The Trump administration'sdue to national security concerns related to China was on Sunday. The ruling came as part of a by a group of WeChat users who argued that Trump's ban was unconstitutional.
"While the general evidence about the threat to national security related to China (regarding technology and mobile technology) is considerable, the specific evidence about WeChat is modest," the judge wrote.
Even if Trump's ban was put in place, if you'd already downloaded WeChat, you could still use the messaging, social media and mobile payment app without penalty, according to a US Justice Department court filing. However, the US servers carrying your data would no longer work, so sending a message or a photo would have to go through one overseas -- meaning it would take a lot longer to send or receive anything. It wouldn't have been a complete shutdown, but it would likely have make your experience much more frustrating.
While WeChat isn't a household name in the US, it's a massive social network with more than 1.2 billion monthly active users. Because it's such a widely used app, many Americans use WeChat to keep in touch with friends and family overseas -- particularly in China. People often turn to the app because it gets around pricey international fees for traditional phone calls and text messages.
Until the legal situation is sorted out, here are a few WeChat alternatives that you can switch to for your messaging needs -- many of which have a strong presence internationally. A caveat: Most of these apps, including Facebook Messenger, Line, WhatsApp and Telegram, are banned in China.
Sina Weibo -- China's equivalent to Twitter -- may be the closest you can get to a WeChat replacement in China. You can sign up for an account in the US and several other countries, too. On Weibo, you can post messages publicly or send them privately to other users (though these messages are not encrypted), and livestream videos or post short videos, similar to Instagram Stories.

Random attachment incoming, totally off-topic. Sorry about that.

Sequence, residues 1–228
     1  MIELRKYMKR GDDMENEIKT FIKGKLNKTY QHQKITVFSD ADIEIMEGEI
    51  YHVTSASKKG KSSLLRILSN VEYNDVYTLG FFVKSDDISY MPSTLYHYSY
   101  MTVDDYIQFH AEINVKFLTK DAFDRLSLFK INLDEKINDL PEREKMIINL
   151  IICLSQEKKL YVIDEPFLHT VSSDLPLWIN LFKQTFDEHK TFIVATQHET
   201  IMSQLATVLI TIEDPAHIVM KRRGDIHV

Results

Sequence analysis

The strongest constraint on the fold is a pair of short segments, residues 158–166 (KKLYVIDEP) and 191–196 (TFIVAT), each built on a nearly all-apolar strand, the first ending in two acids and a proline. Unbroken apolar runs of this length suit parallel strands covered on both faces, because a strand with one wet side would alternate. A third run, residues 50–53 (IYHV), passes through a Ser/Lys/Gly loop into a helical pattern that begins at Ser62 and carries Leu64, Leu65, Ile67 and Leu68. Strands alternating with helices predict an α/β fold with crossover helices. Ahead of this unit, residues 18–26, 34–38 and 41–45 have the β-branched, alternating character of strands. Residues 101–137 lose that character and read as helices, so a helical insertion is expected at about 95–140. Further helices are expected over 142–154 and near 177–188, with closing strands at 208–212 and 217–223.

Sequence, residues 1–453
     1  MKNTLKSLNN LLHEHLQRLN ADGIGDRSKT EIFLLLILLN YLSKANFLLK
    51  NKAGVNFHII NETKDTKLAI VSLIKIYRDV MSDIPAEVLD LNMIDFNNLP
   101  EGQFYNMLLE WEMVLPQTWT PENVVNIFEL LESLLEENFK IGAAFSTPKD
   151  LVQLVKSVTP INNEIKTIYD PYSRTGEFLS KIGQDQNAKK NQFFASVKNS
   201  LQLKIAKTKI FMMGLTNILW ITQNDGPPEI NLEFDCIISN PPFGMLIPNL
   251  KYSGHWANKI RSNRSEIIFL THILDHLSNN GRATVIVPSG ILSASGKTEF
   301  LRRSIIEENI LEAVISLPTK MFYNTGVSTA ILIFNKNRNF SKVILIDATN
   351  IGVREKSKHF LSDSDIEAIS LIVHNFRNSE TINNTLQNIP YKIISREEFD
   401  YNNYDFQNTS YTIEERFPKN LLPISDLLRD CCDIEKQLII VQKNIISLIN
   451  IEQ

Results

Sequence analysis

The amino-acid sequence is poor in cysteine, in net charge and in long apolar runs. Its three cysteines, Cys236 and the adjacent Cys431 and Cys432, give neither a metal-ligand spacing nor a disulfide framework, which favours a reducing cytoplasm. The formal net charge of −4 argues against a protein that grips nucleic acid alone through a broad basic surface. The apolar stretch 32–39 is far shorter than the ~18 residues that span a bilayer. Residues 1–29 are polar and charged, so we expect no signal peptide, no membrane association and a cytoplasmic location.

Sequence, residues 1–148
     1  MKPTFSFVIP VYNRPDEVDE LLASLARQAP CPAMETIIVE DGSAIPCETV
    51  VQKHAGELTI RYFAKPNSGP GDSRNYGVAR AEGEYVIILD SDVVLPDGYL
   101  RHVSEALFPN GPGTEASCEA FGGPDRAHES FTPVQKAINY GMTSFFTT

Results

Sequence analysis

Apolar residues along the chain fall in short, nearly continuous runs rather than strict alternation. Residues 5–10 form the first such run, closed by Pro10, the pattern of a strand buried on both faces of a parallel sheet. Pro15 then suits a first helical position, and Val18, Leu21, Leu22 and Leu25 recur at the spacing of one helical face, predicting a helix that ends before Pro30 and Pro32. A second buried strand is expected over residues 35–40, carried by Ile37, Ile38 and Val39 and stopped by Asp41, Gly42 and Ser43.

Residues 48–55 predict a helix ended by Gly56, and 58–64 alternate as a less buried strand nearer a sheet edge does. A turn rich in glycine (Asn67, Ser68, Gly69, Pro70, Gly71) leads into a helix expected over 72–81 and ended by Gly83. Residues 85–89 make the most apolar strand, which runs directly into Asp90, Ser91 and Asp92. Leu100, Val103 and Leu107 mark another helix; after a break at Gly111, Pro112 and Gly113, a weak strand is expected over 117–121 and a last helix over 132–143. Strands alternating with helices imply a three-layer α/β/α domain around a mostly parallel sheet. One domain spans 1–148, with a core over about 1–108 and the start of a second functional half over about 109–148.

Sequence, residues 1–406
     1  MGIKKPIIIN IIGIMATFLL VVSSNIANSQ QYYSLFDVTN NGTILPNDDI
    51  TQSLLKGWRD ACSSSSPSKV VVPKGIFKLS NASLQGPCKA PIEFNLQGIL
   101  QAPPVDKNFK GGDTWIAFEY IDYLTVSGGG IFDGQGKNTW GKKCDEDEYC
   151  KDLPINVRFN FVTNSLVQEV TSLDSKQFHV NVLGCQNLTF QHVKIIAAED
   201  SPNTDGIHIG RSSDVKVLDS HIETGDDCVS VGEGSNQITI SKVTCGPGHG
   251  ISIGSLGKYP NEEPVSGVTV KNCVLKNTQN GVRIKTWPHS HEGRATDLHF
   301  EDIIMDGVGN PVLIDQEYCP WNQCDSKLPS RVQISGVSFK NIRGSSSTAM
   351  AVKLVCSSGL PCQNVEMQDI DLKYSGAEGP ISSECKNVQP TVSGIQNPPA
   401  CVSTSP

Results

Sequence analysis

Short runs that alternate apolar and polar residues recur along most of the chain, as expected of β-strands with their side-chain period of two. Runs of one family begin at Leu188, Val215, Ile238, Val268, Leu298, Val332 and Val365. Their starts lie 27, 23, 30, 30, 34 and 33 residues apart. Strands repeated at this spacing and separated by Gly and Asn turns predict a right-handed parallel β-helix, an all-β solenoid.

Facebook's standalone Messenger app lets you send messages or chat through video or audio on Android, iOS or desktop. During the pandemic, Facebook added a new feature called Messenger Rooms, letting you bring up to 50 people on and off of Facebook together for video chats or to watch videos together simultaneously. There's also a desktop app, support for screen sharing and more privacy features that have been added in recent months.
A "secret conversations" feature lets you message with end-to-end encryption, if you enable it.
Facebook Messenger is available in several countries, including the US, Japan, South Korea and the Philippines.
The Facebook-owned WhatsApp is a chat app that lets you share messages, pictures and videos with others on the platform from your phone or desktop. You can also video chat with up to eight people. A big privacy plus to using WhatsApp is that all messages and calls are end-to-end encrypted, and Facebook says that "no one else can view or listen to your private conversation, not even WhatsApp."
WhatsApp is available in several countries and territories, including the US, Singapore, Malaysia and Hong Kong.
The Japanese-based messaging app Line offers free messaging, voice and video calls across iPhones, Androids, PCs and Macs. You can also livestream video, post videos and photos to your timeline, add photo filters, search through the daily news and, in some countries, join groups. You can also enable Line's end-to-end encryption feature, called Letter Sealing.
Telegram is a messaging app available on Android, iOS, Windows and Mac, as well as through a web browser. It recently added one-on-one video calls (which are end-to-end encrypted), and plans to roll out group video calling in the coming months. There's also a "secret chat" option for encrypted messages, too.